Advice for travellers

Yellow fever virus is a mosquito-borne disease found in tropical and subtropical areas in Central/South America and Africa. While it can be severe, yellow fever infection is a very rare in Australian travellers. However, under the International Health Regulations (IHR), proof of vaccination may be required of any traveller entering or leaving an area at risk of yellow fever transmission. Read more about yellow fever.

Zika spreading

India is in the throes of the largest Zika virus outbreak ever experienced, with the majority of cases reported from the Rajasthan state capital of Jaipur, with experts warning other Indian cities and countries with close connections to the city to prepare for possible imported cases. As of the end of October, there have been 147 cases reported in Jaipur, a popular tourist destination, and the outbreak is spreading to neighbouring Gujarat reporting 1 case and Madhya Pradesh state reporting 3 infections. Of concern is the potential spread of the virus, with a group of a Canadian-led researchers finding that 94% of travellers travelling out of Rajasthan travelled to Indian cities, mostly Mumbai, New Delhi, Bengaluru, and Kolkata. International cities in the top 20 destinations included Bangkok, Muscat, and Singapore.

Advice for travellers

Zika’s symptoms include a rash, pain in the joints, and the eye condition, conjunctivitis lasting 4-7 days. Long-term ill-effects are rare, although the joint pain may linger for weeks, even months. Like dengue and chikungunya, Zika is spread by Aedes mosquitoes which bite by day and are found in urban setting, including leafy gardens and outdoor restaurants – even in upmarket hotels and resorts. Transmission of Zika virus has also occurred during pregnancy, breastfeeding, sexually and also through blood or blood products. Travellers should take particular care to avoid being bitten just after sunrise and just before sunset, the main feeding time for Aedes mosquitoes. All travellers, but particularly pregnant women or those planning pregnancy, should seek medical advice before travel to Zika-affected areas. Read information on smartraveller (DFAT). Read more about Zika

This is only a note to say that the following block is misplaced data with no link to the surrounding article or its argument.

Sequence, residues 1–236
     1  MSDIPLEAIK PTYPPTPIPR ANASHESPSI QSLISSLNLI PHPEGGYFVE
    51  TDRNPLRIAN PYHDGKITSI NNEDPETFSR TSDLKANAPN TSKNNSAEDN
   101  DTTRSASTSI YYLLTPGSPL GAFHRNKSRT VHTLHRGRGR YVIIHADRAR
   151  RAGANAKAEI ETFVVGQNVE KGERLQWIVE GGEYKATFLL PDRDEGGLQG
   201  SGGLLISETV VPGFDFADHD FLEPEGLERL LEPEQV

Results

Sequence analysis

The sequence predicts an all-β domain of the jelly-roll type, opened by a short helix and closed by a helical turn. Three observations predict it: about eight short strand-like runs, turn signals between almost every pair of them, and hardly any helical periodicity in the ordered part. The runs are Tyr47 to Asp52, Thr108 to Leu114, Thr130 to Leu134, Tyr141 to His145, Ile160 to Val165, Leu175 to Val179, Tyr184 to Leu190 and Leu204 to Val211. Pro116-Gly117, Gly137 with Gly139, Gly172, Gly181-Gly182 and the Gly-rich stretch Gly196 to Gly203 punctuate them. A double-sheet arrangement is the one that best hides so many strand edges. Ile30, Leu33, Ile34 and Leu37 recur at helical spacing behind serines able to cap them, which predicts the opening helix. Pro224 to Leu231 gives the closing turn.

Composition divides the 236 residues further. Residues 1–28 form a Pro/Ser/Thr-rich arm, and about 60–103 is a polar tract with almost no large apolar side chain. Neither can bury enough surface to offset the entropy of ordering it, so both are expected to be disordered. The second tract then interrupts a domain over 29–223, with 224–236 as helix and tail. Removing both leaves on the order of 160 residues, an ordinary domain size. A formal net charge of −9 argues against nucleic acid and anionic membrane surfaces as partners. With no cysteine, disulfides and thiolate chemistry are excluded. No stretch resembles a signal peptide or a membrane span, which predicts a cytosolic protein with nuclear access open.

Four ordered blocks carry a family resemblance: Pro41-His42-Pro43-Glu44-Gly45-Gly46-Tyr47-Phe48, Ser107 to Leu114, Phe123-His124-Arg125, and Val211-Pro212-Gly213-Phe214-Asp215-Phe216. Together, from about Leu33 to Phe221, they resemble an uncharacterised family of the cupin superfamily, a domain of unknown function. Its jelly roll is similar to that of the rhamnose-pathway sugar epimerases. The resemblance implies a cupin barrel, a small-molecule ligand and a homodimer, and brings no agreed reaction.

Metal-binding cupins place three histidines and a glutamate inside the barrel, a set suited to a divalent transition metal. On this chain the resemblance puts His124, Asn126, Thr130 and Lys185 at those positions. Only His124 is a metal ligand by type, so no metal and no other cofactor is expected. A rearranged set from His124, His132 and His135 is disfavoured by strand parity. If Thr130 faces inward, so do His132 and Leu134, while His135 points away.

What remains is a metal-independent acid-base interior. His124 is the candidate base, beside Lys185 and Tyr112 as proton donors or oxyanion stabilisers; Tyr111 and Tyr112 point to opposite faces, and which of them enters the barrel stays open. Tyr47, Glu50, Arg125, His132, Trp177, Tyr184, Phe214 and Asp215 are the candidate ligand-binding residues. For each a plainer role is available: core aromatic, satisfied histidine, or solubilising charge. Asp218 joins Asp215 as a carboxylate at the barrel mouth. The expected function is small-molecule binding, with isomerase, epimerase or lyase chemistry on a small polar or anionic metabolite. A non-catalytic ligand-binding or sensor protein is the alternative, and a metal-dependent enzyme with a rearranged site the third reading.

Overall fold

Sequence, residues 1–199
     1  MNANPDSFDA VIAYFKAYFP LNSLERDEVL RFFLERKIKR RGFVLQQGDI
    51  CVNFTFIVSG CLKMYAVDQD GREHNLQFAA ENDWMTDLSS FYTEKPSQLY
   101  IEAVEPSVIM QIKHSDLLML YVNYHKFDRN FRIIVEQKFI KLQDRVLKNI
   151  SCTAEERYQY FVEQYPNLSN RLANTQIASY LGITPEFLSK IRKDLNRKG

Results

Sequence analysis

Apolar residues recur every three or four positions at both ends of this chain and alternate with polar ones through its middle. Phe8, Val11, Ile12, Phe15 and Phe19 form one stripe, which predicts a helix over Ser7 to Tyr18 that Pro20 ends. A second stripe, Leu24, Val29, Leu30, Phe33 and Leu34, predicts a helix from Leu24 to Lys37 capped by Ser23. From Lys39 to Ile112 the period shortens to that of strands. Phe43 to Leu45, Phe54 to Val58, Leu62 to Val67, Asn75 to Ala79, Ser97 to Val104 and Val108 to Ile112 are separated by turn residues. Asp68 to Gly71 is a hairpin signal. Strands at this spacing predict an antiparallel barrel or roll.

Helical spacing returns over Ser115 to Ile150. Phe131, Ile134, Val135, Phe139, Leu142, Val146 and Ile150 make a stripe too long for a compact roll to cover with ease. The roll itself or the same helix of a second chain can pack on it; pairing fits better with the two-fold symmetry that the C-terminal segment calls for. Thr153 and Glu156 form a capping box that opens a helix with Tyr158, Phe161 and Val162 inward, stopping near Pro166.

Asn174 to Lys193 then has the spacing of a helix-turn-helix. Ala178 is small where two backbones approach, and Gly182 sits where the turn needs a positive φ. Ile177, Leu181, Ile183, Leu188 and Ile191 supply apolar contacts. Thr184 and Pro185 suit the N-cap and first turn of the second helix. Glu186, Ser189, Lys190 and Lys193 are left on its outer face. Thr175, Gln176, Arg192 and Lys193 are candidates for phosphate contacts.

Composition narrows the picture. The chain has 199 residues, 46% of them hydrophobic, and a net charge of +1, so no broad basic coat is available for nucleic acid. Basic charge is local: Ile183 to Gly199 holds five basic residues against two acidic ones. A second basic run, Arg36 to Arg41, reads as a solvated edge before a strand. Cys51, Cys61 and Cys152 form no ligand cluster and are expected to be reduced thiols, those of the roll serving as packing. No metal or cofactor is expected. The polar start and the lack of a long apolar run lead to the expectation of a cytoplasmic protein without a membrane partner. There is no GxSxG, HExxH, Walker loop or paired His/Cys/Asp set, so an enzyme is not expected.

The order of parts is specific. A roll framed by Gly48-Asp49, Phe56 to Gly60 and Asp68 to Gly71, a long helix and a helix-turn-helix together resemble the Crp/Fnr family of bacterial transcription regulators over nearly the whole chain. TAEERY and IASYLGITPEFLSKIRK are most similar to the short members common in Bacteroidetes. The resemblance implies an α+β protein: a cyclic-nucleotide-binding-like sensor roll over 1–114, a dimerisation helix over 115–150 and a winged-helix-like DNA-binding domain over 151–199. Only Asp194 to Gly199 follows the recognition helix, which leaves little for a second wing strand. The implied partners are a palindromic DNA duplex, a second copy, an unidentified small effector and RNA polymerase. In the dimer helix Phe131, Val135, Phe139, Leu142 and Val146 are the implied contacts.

Syphilis at a 50 year high

Japan has seen the annual number of syphilis cases at the highest number in 50 years, with 6000 cases diagnosed by November 2018. Health officials are hastening to nip the epidemic in the bud ahead of the 2020 Olympics in Tokyo, however they are not sure what is causing this increase in numbers. According to the National Institute of Infectious Diseases, as of 19 Nov [2018], there have been 6096 cases of the sexually transmitted disease in the country [in 2018], the 1st time that number broke 6000 since 1970. Most of the cases were found in Tokyo, followed by Osaka, Aichi, Kanagawa and Fukuoka. Authorities have tried a variety of methods to stem the tide of syphilis, which was believed to primarily affect the LGBTQ community until a recent set of studies proved the sharpest rise was among men who have sex with women and women who have sex with men. Read more 

Advice for travellers

Syphilis is a sexually transmitted infection (STI) caused by a bacterium that enters through wounded skin or mucous membranes. You can get syphilis by direct contact with a syphilis sore during vaginal, anal, or oral sex. Infections can cause long-term complications if not treated correctly with an effective antibiotic. Read more about syphilis and other STIs.

Measles outbreak CDC warning

The Centres for Disease Control and Prevention (CDC) has issued a Watch - Level 1 Travel alert on th, Practice Usual Precautions warning for Madagascar on the 30th of November, as the countries measles outbreak reaches 3239 cases. This CDC travel alert means visitors to Madagascar should ensure they are vaccinated against measles with the MMR (measles, mumps, and rubella) vaccine. This measles outbreak started in the capital city, Antananarivo, on October 4, 2018, when 3 measles cases were confirmed at the Pasteur Institute of Madagascar.   As of November 18th, a total of 3,239 measles cases have been reported, of which 182 were confirmed immunoglobulin M positive, and 3,057 were epidemiologically linked. Read more

Advice for travellers